Maverick Transportation VP of Information Technology Wayne Brown said Maverick has used its telematics data to create tracing reports for COVID-19. (Seth Clevenger/Transport Topics)

The company utilized its telematics data to create tracing reports for its customers and drivers about potential exposure, he said.

“I also think coming out of this we have an opportunity to look at things differently and do things in a more effective and efficient manner, like paper-free workflow,” Brown added.

Maverick USA ranks No. 76 on the for-hire TT100.

While working through all of these challenges, companies should never lose sight of what matters most, said Brad Aimone, director of driver safety and services at Central Oregon Truck Co.

“Coronavirus has got all of us greatly concerned — our employees, our families, our coworkers, our peers in the industry. Please make sure that at the end of the day, it’s about the people that we all work with and work for,” he said.

The transportation industry has become an increasingly important business sector for Trimble, a global technology firm that also serves industries such as agriculture and construction in countries around the world.



Rob Painter, who became Trimble’s CEO in January, told attendees that the company remains fully committed to the transportation space.

“We believe in our ability to transform how the supply chain works today and unlock value for you and for your customers,” he said. “We know the industry lacks visibility, data integration and collaboration. This is work we do at Trimble.”

Painter, who succeeded Steve Berglund to become Trimble’s third CEO in its 42-year history, was previously the company’s CFO.

Kuebix was the latest in a series of major acquisitions by Trimble in the transportation technology space over the past decade. Other purchases include PeopleNet, TMW Systems, ALK Technologies and 10-4 Systems.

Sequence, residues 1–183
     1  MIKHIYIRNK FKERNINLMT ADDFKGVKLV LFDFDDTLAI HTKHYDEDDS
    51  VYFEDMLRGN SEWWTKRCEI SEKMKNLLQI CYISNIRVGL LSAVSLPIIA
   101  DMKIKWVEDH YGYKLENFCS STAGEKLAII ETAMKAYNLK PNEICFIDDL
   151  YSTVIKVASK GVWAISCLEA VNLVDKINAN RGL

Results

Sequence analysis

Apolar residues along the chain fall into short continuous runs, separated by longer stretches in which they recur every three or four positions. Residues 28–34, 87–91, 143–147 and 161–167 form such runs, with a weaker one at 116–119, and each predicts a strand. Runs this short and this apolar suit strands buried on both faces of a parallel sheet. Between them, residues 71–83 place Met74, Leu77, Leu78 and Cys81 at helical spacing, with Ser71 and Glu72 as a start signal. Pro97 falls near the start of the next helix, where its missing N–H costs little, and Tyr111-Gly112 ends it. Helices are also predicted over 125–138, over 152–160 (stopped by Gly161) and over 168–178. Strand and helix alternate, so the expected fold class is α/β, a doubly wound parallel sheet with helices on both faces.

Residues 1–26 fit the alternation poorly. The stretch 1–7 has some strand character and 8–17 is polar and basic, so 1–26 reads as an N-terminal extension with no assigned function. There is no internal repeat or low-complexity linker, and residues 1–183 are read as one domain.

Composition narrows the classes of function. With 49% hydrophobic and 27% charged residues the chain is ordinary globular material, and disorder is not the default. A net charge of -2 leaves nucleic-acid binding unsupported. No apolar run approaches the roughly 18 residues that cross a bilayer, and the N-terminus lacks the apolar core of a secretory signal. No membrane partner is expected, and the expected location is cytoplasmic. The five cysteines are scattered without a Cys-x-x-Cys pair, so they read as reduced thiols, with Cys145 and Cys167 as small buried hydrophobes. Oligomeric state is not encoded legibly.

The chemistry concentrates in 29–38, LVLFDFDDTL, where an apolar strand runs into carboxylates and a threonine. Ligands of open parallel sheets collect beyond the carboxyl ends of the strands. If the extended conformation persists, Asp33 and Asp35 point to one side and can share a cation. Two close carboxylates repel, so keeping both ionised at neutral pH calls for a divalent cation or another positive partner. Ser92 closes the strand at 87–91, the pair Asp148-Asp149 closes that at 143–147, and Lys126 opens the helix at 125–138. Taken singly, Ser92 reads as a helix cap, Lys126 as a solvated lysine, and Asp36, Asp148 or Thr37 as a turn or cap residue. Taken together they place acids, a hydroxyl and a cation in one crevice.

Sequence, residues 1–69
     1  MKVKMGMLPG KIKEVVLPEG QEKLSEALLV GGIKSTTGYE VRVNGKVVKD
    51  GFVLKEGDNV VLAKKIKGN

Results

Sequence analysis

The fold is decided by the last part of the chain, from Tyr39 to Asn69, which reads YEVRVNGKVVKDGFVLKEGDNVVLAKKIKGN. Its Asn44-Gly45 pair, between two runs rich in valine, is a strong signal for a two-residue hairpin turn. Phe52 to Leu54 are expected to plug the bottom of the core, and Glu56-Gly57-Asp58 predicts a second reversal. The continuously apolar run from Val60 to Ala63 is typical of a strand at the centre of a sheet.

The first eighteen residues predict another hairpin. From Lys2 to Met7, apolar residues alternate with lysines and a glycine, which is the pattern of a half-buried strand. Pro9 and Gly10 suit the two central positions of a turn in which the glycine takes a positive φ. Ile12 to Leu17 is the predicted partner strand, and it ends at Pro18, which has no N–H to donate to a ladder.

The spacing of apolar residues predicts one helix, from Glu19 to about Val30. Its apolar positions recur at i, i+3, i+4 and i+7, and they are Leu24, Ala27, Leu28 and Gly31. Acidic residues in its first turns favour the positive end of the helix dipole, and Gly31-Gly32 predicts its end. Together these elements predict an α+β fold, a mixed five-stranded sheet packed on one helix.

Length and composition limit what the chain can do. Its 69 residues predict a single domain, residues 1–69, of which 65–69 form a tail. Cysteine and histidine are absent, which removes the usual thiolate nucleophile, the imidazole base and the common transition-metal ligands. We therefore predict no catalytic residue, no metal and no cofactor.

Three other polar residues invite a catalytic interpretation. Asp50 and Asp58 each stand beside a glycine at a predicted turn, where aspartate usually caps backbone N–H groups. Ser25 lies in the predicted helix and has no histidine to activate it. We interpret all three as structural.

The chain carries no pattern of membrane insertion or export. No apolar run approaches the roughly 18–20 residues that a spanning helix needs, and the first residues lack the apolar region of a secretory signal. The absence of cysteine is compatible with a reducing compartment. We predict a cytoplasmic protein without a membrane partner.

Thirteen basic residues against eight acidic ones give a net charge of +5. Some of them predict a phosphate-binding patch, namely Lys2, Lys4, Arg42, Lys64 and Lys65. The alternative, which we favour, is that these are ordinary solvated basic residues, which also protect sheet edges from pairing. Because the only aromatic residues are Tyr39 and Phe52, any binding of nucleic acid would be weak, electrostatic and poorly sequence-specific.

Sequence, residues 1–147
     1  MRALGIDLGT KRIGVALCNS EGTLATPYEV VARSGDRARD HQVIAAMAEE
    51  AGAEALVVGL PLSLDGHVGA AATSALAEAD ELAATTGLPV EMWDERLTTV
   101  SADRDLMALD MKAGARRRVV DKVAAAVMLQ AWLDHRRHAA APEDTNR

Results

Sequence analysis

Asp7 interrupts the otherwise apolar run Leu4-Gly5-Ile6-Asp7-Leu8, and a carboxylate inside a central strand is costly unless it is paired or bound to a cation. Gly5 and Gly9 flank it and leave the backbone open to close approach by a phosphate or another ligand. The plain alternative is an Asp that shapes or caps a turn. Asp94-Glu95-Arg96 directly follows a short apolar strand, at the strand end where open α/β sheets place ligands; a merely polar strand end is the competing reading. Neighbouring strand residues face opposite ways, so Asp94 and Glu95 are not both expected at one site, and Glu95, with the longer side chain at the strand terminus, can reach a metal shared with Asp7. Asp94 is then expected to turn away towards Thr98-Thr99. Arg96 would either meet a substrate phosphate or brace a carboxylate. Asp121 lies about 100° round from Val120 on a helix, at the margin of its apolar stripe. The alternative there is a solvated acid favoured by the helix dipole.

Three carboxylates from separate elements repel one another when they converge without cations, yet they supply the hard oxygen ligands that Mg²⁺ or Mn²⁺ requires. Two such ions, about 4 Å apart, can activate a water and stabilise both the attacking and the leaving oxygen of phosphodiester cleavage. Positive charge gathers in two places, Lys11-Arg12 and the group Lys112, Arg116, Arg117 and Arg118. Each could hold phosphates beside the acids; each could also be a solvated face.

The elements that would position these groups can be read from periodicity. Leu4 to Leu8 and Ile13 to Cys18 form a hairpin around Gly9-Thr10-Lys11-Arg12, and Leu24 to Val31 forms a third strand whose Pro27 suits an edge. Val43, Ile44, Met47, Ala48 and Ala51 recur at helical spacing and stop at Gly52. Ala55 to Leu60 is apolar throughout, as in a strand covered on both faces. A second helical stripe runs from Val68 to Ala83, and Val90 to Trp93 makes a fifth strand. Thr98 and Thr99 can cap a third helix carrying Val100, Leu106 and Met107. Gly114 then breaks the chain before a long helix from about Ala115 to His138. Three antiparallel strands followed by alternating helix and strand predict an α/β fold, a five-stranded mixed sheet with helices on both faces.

Through those acquisitions, Trimble has assembled a broad portfolio of transportation technologies, including transportation management systems for both carriers and shippers, as well as telematics, mapping software, freight visibility, asset maintenance and onboard video.


Natural gas and propane join electric power as alternatives to diesel. Host Seth Clevenger talks with Chad Lindholm of Clean Energy and Stuart Weidie of Alliance Autogas. Hear a snippet, above, and get the full program by going to

Moving forward, a central element of Trimble’s strategy for the transportation industry is to create a connected platform that makes all supply-chain participants more efficient, said Dan Clark, founder of Kuebix and vice president of product innovation and strategy at Trimble Transportation.

Much of that efficiency will come through expanding the company’s customer base and the scale of its platform.

“The more people that become part of our community, the faster and the quicker it grows and the more opportunities are realized by each stakeholder,” Clark said.

At the same time, though, it is important for both shippers and carriers to have an “agnostic platform” that connects to “everything and everyone,” he added.

Illustrating that stance, Trimble announced a new collaboration with Omnitracs, which is both a competitor and a longtime integration partner. The companies said they have integrated Trimble’s TMW.Suite transportation management system with the Omnitracs One platform to support joint customers.